Is There Life Without a Car?

I’m “weird,” and proud of it. 

Now don’t get me wrong, I’m not weird in the way many people use that word: I am socially capable, generally interesting to talk with, sometimes funny and respected in some circles.

  What makes me “weird” is that I don’t own a car. I don’t have an “identity”.

cycling  I can’t tell you how many times people have encouraged me to buy a car. If I had received a dollar for each time this option was hinted at, outright suggested and even more (one car was even given to me!) then I would be in a much better financial position. Unless, of course, I had sunk that money into operating a motor vehicle.

  I’ve owned quite a few cars and one large truck. I didn’t like knowing that I was adding pollution to the atmosphere and contributing to climate change. Yet many times I needed a car for work, and sometimes still do. The trouble in having a car sitting in the driveway, though, is that I am too tempted to jump in it, rather than onto my bicycle, bus, train, or arrange a car pool ride. 

  Of course having one’s own car is convenient. It takes less time, opens up quite a few more options socially and other-wise. It makes living life so much easier!

  Yes, “easy” is our culture’s “normal.” But here’s the catch: “normal” is costly to both my pocketbook and the planet. And there are more sacrifices involved in being normal. “Normal” also means being more isolated from others (ever notice how many cars contain only the driver?). “Normal” often means being in poorer physical condition, more illness and disease, decreased ability to think from the lack of sufficient exercise, and more. Even those who usually ride buses are in better condition.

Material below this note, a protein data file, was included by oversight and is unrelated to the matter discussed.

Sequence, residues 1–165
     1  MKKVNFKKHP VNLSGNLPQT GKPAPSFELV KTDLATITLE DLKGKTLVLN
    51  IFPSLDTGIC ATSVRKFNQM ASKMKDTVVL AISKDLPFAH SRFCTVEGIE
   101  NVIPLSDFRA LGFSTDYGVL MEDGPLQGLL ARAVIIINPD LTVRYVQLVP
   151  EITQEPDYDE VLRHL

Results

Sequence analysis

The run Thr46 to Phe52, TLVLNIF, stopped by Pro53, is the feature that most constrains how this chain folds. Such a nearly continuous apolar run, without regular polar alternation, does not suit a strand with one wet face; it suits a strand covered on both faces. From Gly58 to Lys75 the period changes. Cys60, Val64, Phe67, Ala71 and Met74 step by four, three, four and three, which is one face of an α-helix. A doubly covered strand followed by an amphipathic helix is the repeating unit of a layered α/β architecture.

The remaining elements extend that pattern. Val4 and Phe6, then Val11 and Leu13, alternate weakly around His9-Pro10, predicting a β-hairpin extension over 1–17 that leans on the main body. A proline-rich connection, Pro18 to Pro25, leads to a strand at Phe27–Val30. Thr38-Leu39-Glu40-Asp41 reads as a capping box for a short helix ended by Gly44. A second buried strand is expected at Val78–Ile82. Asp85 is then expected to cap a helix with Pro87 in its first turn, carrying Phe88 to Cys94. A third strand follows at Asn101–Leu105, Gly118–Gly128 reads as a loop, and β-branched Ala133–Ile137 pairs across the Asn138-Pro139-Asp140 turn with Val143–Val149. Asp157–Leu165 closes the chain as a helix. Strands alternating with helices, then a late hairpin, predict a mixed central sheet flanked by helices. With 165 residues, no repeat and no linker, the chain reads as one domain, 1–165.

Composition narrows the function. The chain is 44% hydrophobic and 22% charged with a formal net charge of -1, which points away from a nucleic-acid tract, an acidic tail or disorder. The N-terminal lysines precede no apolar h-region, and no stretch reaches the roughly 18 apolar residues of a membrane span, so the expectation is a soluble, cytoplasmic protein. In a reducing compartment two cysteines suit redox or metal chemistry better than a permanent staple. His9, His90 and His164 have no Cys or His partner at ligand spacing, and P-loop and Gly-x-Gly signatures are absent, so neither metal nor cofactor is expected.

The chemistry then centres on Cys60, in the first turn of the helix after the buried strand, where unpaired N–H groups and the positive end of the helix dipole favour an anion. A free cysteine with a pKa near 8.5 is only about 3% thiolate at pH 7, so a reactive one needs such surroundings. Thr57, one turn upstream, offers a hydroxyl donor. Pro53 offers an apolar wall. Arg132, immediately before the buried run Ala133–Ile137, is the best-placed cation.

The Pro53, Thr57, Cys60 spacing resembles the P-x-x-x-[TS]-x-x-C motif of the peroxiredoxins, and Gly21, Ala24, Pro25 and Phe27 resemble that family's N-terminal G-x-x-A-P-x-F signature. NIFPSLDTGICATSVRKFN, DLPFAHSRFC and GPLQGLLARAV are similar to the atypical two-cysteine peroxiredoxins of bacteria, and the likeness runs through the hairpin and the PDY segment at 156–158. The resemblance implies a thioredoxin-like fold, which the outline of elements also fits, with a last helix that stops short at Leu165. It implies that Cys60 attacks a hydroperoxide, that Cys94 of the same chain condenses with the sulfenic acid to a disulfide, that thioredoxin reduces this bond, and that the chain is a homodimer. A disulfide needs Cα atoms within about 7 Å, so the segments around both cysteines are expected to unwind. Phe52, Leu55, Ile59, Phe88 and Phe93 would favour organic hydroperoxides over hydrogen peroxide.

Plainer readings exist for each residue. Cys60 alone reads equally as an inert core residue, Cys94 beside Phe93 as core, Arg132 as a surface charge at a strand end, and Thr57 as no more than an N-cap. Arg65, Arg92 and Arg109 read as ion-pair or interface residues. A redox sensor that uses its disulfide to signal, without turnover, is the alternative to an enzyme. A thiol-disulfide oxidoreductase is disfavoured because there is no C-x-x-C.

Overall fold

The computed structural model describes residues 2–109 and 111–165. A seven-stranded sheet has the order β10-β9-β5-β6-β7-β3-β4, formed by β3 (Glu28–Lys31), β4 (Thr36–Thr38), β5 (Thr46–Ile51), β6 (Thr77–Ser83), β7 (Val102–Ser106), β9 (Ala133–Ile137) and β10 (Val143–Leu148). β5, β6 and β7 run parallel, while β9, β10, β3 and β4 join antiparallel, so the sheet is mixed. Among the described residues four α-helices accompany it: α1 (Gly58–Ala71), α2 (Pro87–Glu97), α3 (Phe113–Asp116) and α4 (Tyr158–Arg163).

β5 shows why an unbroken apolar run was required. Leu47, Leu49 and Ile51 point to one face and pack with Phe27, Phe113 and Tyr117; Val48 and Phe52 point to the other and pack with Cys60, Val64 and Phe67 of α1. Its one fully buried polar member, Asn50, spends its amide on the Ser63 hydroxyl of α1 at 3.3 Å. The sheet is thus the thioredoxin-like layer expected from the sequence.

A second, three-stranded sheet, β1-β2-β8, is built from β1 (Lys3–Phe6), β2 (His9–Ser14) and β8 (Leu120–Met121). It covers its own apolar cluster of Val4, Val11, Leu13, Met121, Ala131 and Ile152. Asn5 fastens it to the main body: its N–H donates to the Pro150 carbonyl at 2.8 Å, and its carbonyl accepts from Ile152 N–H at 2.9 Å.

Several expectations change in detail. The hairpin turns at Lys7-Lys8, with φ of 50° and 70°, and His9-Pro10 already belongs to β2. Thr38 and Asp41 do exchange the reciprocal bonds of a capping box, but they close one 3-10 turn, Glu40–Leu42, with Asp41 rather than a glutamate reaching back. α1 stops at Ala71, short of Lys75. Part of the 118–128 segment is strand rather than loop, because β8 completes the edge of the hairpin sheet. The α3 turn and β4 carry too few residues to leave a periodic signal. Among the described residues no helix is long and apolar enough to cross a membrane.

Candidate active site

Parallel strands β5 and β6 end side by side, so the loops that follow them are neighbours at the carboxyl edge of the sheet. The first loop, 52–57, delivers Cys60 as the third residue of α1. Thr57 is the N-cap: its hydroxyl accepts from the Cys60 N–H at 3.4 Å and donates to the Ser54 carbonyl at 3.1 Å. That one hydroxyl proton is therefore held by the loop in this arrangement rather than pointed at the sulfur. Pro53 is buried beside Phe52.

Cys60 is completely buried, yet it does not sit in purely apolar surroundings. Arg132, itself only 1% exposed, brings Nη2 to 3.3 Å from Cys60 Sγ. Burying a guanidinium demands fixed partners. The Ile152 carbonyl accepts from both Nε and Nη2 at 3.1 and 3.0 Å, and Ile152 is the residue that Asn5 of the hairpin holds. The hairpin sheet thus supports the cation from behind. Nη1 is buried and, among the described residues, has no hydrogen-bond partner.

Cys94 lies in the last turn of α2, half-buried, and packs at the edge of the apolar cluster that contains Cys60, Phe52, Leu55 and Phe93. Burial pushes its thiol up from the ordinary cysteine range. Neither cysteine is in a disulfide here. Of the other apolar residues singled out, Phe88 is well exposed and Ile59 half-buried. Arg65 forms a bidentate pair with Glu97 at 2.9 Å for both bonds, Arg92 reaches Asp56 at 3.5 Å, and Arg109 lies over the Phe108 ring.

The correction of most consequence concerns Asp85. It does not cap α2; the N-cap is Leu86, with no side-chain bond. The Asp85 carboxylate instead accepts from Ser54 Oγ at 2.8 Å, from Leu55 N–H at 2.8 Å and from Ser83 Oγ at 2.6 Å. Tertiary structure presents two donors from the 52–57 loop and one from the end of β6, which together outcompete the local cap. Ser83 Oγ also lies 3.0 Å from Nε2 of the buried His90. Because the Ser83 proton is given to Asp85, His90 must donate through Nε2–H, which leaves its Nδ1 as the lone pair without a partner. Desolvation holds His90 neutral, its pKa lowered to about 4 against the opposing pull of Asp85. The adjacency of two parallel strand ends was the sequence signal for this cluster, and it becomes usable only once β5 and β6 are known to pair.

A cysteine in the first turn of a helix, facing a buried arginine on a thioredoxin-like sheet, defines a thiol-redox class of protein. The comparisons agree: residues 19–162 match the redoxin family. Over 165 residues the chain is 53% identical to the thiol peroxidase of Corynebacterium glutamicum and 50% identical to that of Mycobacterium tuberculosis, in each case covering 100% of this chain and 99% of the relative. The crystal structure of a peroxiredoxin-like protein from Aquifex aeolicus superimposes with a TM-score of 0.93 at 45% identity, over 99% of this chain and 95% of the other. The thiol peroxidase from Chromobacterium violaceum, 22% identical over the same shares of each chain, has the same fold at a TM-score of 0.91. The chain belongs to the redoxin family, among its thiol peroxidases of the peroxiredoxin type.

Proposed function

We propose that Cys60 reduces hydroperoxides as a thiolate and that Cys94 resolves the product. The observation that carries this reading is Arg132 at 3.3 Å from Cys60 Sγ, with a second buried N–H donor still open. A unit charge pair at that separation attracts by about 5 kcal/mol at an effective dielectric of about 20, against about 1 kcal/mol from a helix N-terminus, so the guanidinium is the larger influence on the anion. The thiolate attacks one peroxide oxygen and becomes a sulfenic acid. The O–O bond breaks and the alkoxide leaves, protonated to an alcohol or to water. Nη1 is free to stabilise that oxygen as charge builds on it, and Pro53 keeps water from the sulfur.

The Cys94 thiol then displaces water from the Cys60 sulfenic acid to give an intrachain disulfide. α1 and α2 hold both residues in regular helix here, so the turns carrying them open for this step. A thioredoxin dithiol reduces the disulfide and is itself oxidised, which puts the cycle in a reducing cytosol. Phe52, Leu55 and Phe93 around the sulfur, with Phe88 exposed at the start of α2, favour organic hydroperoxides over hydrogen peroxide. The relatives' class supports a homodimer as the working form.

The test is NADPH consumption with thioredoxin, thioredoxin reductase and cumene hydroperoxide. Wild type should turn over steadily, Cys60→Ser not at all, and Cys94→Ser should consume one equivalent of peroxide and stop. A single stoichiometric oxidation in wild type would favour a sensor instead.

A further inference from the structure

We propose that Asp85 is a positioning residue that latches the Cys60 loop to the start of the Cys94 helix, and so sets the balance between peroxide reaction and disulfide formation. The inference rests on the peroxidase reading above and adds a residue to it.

Is owning a car really necessary? Evidently 70% of greenhouse gases come from transportation, yet about half of us live within 5 KM’s of our work-places. Food can be delivered. Vehicles can be rented when needed, or the car-share co-op cars can be booked. The occasional cab is cheap. Rides can be coordinated and the amount of visiting increased. Un-normal lives are usually slower, more conscious and far richer.

  What did I have to do in order to make this “weird” way of living possible? I changed some vital priorities. I had to slow down and reorganize my life (working near where I live, for one). I set new financial priorities. The average Canadian vehicle costs its owner(s) about $10,000 per year (remember to include financing costs and depreciation). This works out to about the same as a minimum wage job, after taxes. The time I “waste” getting around by bicycle or public transportation is actually money in the bank. My debt load fell, including the ability to pay my house off faster, even though I earn less.

  Now that’s a ‘weird’ I can really dig.

  So, go ahead. Call me “weird.” My friends still love me.


Ian Gartshore is an renewable energy coach, cyclist, and otherwise normal human being.